"All my favorite singers couldn't sing," Dave Berman of the Silver Jews idiosyncratically speak-croons on "Blue Arrangements." To make the point hit hardest, he doesn't sing so well himself, but it's well-taken: from Lou Reed to Bob Dylan, John Cale to Palace, conventionally "good" singing isn't the most necessary element in effective storyteller-troubadour music. Berman is a prose poet by day and rocker by night, and his lazy-sounding, countrified, skeletal, yet invigorating music celebrates the union of word with sound in a manner simultaneously classic and seldom heard. It's hard not to like a record that begins with the line "In 1984 I was hospitalized for reaching perfection." Thankfully, Berman doesn't trade in the wordplay he and collaborator Steve Malkmus are so expert at. If only Pavement's Brighten the Corners were this relaxed, full of melodic hooks, and cagily profound. --Mike McGonigal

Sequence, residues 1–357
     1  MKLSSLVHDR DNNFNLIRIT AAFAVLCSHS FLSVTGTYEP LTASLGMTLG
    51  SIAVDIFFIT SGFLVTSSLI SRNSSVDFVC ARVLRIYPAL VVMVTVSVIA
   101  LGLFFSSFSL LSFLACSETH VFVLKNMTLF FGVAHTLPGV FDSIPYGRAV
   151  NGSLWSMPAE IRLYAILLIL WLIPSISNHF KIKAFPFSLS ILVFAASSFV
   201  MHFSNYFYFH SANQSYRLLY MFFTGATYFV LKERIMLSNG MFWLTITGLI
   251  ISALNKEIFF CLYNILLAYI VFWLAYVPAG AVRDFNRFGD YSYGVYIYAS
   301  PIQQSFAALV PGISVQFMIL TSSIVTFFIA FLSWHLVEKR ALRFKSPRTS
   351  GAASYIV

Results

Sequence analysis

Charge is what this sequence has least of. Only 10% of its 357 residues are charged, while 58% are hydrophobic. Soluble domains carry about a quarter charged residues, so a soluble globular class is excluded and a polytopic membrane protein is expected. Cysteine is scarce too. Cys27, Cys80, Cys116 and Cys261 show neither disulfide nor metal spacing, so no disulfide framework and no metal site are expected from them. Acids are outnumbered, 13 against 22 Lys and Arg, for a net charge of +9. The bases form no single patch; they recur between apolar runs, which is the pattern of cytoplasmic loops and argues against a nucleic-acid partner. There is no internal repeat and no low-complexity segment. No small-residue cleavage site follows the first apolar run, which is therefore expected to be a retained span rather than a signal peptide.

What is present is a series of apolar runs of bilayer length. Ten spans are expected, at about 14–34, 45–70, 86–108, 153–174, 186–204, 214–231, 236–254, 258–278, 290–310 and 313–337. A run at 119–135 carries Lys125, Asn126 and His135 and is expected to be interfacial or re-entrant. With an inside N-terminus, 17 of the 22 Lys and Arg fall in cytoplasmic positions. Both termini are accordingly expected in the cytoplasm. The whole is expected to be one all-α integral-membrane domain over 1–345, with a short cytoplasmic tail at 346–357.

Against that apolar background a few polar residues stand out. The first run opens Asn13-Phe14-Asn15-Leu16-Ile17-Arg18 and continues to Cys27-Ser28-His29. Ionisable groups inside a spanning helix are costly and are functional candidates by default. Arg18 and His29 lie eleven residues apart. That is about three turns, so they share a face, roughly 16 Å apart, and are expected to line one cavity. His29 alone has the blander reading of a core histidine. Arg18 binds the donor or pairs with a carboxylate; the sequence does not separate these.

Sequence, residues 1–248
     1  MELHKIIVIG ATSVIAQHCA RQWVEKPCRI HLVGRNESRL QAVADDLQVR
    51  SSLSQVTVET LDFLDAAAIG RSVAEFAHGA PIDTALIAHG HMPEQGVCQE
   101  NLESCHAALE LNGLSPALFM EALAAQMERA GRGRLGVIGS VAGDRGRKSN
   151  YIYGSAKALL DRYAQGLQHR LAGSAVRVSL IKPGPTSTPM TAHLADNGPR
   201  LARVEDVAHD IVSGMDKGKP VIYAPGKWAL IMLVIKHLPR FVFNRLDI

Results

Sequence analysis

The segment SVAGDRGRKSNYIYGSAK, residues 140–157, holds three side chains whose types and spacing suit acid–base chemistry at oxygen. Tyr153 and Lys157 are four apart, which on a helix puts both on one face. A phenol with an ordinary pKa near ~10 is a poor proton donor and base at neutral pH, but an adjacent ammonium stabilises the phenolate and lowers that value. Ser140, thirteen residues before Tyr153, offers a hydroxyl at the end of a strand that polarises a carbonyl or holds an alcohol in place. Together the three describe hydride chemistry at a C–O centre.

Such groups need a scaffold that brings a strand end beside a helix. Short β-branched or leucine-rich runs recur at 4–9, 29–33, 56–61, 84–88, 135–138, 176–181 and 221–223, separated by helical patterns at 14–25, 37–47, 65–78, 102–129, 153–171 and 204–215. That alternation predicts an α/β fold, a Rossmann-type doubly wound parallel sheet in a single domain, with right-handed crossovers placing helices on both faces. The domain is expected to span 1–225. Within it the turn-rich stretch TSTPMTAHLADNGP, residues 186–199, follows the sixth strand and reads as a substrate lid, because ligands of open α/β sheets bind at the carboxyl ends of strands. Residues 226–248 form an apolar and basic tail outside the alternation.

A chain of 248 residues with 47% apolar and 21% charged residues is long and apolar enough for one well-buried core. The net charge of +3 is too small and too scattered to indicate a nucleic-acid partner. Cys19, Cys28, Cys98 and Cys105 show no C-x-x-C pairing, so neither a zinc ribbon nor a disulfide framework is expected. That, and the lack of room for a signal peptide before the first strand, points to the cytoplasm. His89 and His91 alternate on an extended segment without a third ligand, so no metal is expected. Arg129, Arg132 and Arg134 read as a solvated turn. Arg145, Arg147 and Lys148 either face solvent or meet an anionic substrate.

Product Description

Even as an unapologetic anti-metallite, I still can't escape the call of this band's silvery gleam. Still pleasant, still clever, still all the good-great pop action David Berman and Stephen Malkmus can dream up o'er the course of an album's time. Twelve chuckle-along songs hitting red on your geekest hip-o-meter.

Customer Reviews

Most Helpful Customer Reviews
28 of 32 people found the following review helpful
5.0 out of 5 stars comfortable clothing April 6, 2000
Format:Audio CD
You've just gotten a stylish, hip, cool new shirt, and you know that when you wear it you ARE the shit. But the shirt is a little uncomfortable, a little tight maybe (like fashionable clothes tend to be), maybe just a tad too trendy. So instead you put on that old beaten up flannel thing that's frayed and faded and falling apart. But it's an instinctive choice, and you make it because this shirt makes you comfortable and happy.